After launching Posture & Balance we continued working on this animation system, which is now available as a Three.js extension on GitHub.
Audio plays a big role in Posture & Balance. We used Howler.js to control loading and playing of sounds. We also used two WebAudio features to further enhance the experience.
The first was controlling the playback rate of the gallop sound effect to match the speed of the horse. The second was using a PannerNode to position sounds inside the game world. This causes the volume and stereo origin of some sounds to change as you move left and right.
These features were fairly straightforward to implement, and added a lot of depth to the experience. The best part is that this works out of the box on most modern browsers.
Interface & Performance
One of the main goals of this project was experimentation. To this end we decided to use Pixi.js for the interface layer. We wanted to see how it would compare to traditional DOM rendering. This approach resulted in some benefits, some challenges, and a lot of learnings.
As we continued to add visual effects to the game, we started noticing performance issues. After some investigation, we were surprised to find out this was primarily caused by the interface layer. We then set out to identify and eliminate as many bottlenecks as possible.
The first thing we changed was our HTML display stack. Initially, Three and Pixi each had their own HTML canvas. The Pixi canvas was transparent, and lay on top. During the optimization phase we decided to merge the two. Instead of being in the DOM, Three rendered into an off-screen canvas, which was used as a texture for a Pixi sprite.
The next part of the optimization phase revolved around reducing the draw count of Pixi. This is a property of the WebGLRenderer that tells you how many separate drawing operations are performed each frame. Getting this number as low as possible is key to a smooth frame rate, as it reduces the overhead from CPU to GPU communication.
The first thing we did was merge our textures into sprite sheets, one for regular and one for retina displays. This way WebGL textures do not need to be updated when rendering different objects. This helps Pixi to group objects into larger batches which can be drawn simultaneously.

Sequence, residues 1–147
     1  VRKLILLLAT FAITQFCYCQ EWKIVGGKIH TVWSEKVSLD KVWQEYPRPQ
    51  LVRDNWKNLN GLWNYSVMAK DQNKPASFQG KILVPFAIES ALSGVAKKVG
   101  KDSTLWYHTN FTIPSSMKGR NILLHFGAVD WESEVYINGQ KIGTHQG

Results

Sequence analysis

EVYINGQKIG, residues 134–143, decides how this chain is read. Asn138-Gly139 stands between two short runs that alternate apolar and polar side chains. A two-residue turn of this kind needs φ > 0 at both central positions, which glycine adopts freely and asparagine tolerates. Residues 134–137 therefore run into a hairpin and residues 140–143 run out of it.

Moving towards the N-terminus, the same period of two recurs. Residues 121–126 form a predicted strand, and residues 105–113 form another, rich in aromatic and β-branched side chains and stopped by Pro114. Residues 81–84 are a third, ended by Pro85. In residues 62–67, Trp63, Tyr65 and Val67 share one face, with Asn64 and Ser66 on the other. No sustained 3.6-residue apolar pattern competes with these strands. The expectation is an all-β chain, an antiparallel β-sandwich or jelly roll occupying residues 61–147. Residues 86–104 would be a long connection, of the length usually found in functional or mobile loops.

Next we addressed text rendering. As it turns out, doing this through Pixi is comparatively slow. Each time a string is updated (like the score and time displays), the text is drawn to an off-screen canvas, which is then send to the GPU as a texture. Excess traffic like this has a negative impact on performance. This could be addressed with Bitmap Fonts, which effectively turn text into images that can be added to a sprite sheet. However, this severely limits flexibility as Bitmap Fonts scale very poorly. We opted to remove text from Pixi altogether, rendering it in the DOM instead.
The final major bottleneck was the Pixi graphics api, which we used to create some simple interface elements. The main culprit here was the gallop indicator, which had about 60 parts. With the graphics api, each piece demanded its own draw call. We solved this by adding differently colored squares to our sprite sheet. These were then scaled for the gallop indicator and some other interface elements.
In the end we managed to reduce the number of draw calls during gameplay to just 2: one for the interface layer, and one for the game world.
The graph that Chrome generates provides a detailed breakdown of what your application is doing each frame. It’s easy to visually identify blocks where frame rate issues arise, as these frames take more space. Then it’s a matter of digging in, figuring out where repeating bottlenecks occur, and trying to find ways to optimize.